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Inside Windows

Microsoft presents its offer to reveal source code as a bold stroke to appease Europe. It may amount to far less.

For 20 years, the source code to Microsoft's Windows operating system has been a closely held secret. Prying eyes could lead to rogue Windows distributions, application incompatibilities, unauthorized use in other products--and better-informed competitors. Things changed last week as Microsoft, under pressure from the European Commission, disclosed plans to let competitors get their hands on a chunk of Windows and view it line by line. It's a surprising reversal to Bill Gates' long-standing guard-the-code strategy. It's also an offer that many in the industry--and perhaps the EC regulators it's meant to please--will find easy to refuse.

Microsoft lawyer Brad Smith (left) lunches with former European Parliament President Pat Cox (right) and Friends of Europe Secretary General Giles Merritt, before dropping a surprise on EC regulators.

Microsoft lawyer Brad Smith (left) lunches with former European Parliament President Pat Cox (right) and Friends of Europe Secretary General Giles Merritt, before dropping a surprise on EC regulators.

Photo by Yves Herman/Reuters
Microsoft general counsel Brad Smith described the decision as a "bold stroke" to satisfy the European Commission's demand that Microsoft make it easier for rivals to build products that incorporate the Windows server communications protocols, since it would show them how Microsoft itself did it. That's been one of the sticking points in the commission's long-running antitrust case against Microsoft. The company has issued 12,000 pages of specs so far in trying to satisfy the EC--drawing yawns from other tech companies and a formal statement of objection from the EC last month that put the onus on Microsoft to do more.

So Microsoft coughed up its code. "If you want to understand these communications protocols, the source code is the ultimate documentation," Smith said at a press conference in Brussels. "It is the DNA of the Windows server operating system."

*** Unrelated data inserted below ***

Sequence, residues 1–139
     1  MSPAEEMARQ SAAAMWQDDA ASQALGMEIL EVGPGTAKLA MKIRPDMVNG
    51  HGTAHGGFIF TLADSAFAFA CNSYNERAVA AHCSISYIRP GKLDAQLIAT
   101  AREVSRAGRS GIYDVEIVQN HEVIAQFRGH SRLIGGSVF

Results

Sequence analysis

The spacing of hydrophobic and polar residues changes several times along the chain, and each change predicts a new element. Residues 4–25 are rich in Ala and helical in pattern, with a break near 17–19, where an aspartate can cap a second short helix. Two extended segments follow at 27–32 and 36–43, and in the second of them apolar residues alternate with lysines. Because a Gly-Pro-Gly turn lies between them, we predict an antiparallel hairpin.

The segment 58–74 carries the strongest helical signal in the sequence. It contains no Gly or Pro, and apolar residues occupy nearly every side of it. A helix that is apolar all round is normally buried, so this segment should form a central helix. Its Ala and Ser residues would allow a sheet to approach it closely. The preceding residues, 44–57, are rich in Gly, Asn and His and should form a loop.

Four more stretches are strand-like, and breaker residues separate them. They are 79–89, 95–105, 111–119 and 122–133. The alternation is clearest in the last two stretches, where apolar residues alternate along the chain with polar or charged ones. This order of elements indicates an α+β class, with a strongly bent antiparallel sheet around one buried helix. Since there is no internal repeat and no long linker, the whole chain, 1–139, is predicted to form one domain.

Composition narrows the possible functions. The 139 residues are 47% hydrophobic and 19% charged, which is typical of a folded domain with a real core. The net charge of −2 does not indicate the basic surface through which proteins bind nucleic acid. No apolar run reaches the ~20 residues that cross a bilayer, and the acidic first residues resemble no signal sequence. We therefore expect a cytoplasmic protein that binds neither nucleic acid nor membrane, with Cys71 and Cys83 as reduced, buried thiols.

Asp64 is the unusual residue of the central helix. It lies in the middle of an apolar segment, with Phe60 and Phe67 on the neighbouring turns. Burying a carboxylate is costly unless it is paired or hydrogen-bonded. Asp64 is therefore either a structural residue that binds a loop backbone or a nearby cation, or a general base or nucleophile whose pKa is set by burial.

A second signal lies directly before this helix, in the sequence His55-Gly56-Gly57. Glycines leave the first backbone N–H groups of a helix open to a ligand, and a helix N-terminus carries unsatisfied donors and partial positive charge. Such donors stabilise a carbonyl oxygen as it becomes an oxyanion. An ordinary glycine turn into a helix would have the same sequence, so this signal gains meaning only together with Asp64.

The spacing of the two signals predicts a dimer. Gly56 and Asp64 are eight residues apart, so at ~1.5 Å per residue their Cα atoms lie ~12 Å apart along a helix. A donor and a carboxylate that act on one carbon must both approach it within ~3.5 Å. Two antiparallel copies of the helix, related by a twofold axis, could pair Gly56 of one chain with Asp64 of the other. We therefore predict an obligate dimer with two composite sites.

Strings Attached
But Microsoft's move isn't as bold as the company makes it out to be. Microsoft isn't opening up the entire Windows operating system, only the part that contains certain communications protocols. Companies that want to participate must pay for the privilege. And there are strings attached--a license that lets them view the code but not copy it. "We're not open-sourcing Windows," Smith noted.

Microsoft's restrictive "reference license" is designed for technology companies, not individual developers, so don't expect dozens of innovative products to spring from legions of Windows aficionados.

Even many of Microsoft's largest buyers of business software have passed on earlier offers to view the Windows code. Under the company's 4-year-old Shared Source Initiative--through which Microsoft makes available more than 80 source-code offerings under a variety of licenses--IT departments in thousands of companies are qualified to access Windows source code. Only about 100 have done so, most of them large companies such as Procter & Gamble. That's because combing through Windows source code takes time and expertise. Those that do, use the code to troubleshoot custom applications or tackle security problems. But most IT departments are too busy with other projects to fuss with it; they leave close scrutiny of Windows code to Microsoft.

What's different about Microsoft's European offer is that it's aimed at competitors, not customers or partners. It comes after the EC's statement of objection last month, citing "Microsoft's failure to disclose complete and accurate" documentation to let non-Microsoft servers interoperate with Windows PCs and servers. The EC is determined to force Microsoft to loosen its grip on the market and threatened to fine the company $2.45 million per day if it doesn't do a better job documenting its protocols. Microsoft has until Feb. 15 to answer those charges.

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